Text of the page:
How Psychology Can Improve Your Meetings
What would your next meeting say if it were on the couch? The issues corporate psychologists probe about meetings focus on how human behavior can affect return on investment: Can a strategic planning meeting held in another state be justified? Is there value in pulling the team across town to brainstorm growth ideas? How can we accomplish our meeting goals in half the time? How can I develop a relationship with a client that will get his business? Most of these essential new-economy concerns can be answered, or at least informed, by corporate psychologists.
Use Offsite Locations for Strategic Planning and Creativity
When should a meeting be held offsite? Psychologists suggest that this decision should be based on the meeting’s purpose. Some tasks are better accomplished in person, while others may be handled virtually. For example, discussion or brainstorming is most effective face-to-face, while the dissemination of information is more efficiently delivered electronically. Psychological principles shed light on why.
“Offsite meetings are particularly valuable when you want people to think about the future and planning, rather than the day-to-day,” says William Berman, Ph.D., a corporate psychologist in Connecticut. He explains the term state-dependent learning, which means that people think differently based on their context. If they meet in a conference room where everyday tasks loom nearby, participants’ minds will be distracted by the mundane work on their desks. Conversely, if they’re away from the office, they can focus on a bigger-picture initiative, such as planning and brainstorming.
Evaluate whether the meeting room suits your purpose. Natural light is a plus, psychologically speaking, unless the view is distracting. And it’s up to the meeting leader to create psychological boundaries around the room, informing participants if phones, laptops and texting are off-limits.
Once you’ve decided to go offsite, use that to your advantage. Expectancy theory says that expectations create motivation. Billie Blair, Ph.D., president and CEO of Change Strategists in Los Angeles, suggests that an offsite meeting sends a message to participants that the meeting is important. This expectation motivates employees to take the gathering seriously and to perform at a higher level.
Build Stronger Realtionships with Activity, not Conversation
Built into many meetings—especially those held offsite—is the opportunity to network and build relationships. Yet this can be one of the most stressful challenges for executives, even those with well-honed social skills. How can you make this time work most effectively for you?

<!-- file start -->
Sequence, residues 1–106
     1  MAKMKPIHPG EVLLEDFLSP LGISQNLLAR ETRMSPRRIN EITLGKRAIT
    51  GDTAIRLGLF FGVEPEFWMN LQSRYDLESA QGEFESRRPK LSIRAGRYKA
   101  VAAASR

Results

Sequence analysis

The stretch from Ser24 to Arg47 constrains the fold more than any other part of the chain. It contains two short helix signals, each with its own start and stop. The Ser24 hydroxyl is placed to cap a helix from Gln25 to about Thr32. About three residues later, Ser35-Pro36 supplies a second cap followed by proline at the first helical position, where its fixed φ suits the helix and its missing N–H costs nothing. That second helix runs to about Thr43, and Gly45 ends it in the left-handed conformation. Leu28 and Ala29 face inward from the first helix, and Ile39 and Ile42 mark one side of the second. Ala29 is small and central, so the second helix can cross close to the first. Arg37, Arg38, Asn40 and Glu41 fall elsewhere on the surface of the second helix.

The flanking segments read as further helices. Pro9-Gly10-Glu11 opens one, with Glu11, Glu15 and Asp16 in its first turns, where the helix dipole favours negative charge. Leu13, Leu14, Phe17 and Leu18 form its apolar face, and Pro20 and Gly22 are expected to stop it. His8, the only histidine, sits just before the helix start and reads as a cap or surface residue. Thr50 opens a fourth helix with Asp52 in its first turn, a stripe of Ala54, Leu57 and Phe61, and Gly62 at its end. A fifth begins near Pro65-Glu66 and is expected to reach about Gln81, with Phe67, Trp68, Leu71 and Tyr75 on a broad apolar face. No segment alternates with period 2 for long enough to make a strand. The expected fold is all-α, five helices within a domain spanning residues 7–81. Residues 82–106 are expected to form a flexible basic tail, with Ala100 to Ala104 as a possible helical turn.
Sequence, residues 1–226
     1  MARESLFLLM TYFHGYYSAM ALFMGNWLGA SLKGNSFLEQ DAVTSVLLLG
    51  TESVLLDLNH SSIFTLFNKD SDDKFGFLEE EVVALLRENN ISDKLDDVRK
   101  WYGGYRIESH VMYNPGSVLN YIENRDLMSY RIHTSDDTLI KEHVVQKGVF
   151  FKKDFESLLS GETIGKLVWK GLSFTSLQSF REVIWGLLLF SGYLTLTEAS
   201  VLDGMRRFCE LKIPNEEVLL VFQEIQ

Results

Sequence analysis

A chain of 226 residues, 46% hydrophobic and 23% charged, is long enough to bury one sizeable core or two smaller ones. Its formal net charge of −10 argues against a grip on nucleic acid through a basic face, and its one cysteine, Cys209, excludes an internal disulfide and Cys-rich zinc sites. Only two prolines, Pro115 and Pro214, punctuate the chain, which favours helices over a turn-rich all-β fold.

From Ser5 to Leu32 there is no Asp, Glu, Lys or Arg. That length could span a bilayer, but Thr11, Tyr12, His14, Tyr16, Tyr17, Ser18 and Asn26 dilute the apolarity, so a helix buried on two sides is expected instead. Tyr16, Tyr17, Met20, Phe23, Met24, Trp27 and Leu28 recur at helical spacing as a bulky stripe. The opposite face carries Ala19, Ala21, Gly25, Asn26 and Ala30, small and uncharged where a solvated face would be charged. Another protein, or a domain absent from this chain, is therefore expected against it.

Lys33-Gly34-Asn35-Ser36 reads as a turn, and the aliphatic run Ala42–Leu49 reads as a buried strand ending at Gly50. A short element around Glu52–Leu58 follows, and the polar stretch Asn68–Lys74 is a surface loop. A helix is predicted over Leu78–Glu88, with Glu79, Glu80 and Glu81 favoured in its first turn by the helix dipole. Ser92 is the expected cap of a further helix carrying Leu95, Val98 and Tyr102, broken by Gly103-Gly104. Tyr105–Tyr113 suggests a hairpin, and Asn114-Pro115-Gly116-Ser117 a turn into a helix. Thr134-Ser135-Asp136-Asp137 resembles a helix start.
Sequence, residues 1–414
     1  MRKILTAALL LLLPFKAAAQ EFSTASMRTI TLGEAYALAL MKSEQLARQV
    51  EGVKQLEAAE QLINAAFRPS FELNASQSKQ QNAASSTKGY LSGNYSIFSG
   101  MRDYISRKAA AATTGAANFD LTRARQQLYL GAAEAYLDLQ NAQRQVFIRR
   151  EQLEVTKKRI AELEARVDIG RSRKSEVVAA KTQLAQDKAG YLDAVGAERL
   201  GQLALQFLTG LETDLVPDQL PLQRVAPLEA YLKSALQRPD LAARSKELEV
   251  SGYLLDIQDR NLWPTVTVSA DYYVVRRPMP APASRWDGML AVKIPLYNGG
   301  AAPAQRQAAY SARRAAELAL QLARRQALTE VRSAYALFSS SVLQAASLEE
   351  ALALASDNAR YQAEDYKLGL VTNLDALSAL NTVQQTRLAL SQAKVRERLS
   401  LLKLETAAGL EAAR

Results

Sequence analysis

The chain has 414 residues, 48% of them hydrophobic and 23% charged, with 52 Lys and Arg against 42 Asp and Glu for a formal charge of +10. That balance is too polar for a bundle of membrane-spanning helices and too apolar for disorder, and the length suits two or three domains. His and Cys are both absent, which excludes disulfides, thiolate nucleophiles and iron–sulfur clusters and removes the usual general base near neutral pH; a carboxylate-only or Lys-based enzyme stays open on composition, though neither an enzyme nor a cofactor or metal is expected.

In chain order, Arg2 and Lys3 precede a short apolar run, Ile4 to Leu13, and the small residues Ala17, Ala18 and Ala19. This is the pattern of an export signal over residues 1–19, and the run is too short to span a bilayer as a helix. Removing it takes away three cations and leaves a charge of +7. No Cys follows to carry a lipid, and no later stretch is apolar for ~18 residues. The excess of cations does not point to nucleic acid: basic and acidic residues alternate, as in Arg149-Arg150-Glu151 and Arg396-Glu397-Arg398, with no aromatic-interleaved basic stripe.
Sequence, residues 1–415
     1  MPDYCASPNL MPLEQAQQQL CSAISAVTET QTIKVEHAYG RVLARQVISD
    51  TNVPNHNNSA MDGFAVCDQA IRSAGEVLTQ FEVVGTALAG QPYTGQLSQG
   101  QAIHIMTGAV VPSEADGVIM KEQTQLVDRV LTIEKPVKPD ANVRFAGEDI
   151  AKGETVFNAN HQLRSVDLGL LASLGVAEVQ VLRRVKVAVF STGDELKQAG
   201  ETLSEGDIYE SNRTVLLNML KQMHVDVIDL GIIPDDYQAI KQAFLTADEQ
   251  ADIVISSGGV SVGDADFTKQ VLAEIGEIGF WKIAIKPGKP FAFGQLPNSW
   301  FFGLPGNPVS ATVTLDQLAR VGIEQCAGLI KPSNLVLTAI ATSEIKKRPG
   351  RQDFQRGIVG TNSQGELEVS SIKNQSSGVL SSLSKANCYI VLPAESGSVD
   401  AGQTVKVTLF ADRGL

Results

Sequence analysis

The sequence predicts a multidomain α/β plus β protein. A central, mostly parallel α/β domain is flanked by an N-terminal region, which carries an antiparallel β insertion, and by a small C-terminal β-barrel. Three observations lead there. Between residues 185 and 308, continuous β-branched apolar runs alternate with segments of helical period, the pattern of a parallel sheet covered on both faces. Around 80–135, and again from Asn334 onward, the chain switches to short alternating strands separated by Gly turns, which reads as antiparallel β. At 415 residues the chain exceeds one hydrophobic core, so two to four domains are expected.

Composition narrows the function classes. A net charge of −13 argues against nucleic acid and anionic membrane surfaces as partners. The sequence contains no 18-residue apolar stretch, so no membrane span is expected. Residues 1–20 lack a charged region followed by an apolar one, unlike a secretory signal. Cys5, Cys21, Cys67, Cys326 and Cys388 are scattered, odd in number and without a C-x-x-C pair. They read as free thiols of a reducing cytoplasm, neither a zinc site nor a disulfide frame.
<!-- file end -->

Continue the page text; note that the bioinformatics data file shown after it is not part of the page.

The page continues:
“Talking is probably one of the least effective ways to build relationships and trust. You build those by engaging in a shared activity that creates a stronger bond,” says Berman. Consider, then, that the classic cocktail-networking gathering may not be the most efficient venue for creating business relationships. Instead, make full use of other activities that may be planned around a meeting: sports tournaments, team-building exercises, or participation on panels or committees with those whom you’d like to know.
There will always be times when you’re standing with a cup of coffee or glass of wine in hand, looking at a room full of potentially valuable contacts. A few strategies based on psychology may be in order. First, consider arriving early to size people up as they enter; and if you know in advance that you want to meet a particular individual with whom you have a friend in common, ask ahead of time for an introduction.
Most important, experts say, once you’re meeting others, focus on creating a personal connection with you on the listening end. “Psychological research shows it’s your ability to elicit things from others that makes you endearing to them and makes them remember you,” says Blair. Other strategies for making an immediate connection include offering a compliment or searching for similarities. You’ll know you’re successful when eye contact shows engagement and your conversational partner shows interest in you, too. Sometimes, though—no matter how incisive your questions or how flattering your compliment—the new contact will be scanning the room, clearly not engaged.
The problem may not reflect at all on your networking skills. “There are always going to be 20 percent of people who are self-absorbed or rude,” says Karissa Thacker, Ph.D., a corporate psychologist in New York City. Her best advice is to move on: “What I see happening is that people will have that kind of experience, then feel deflated, and then it impacts their next interaction. That’s what you don’t want to have happen.”
Prevent Bad Behavior with Clear Objectives
Meetings don’t usually bring out the best in people, but much can be done by a wise leader to prevent power plays and unproductive behavior. With an eye toward prevention, nothing is more important to a meeting than an agenda that is prepared in advance, say corporate psychologists. “The psychological message that gets communicated when you have an agenda is that this meeting has been thought out, there are key points and key objectives. That really calibrates people’s understanding and expectations of the meeting,” says Susan Battley, Ph.D., a corporate and leadership psychologist in East Setauket, N.Y.
Thacker says her favorite recommendation to clients is that they color-code each agenda item to note its status as up for information, discussion or decision.
“That clarity of structure prevents a lot of bad behavior and interpersonal mud that happens during the meeting, and it lets you get what you want to get out of the meeting,” she explains.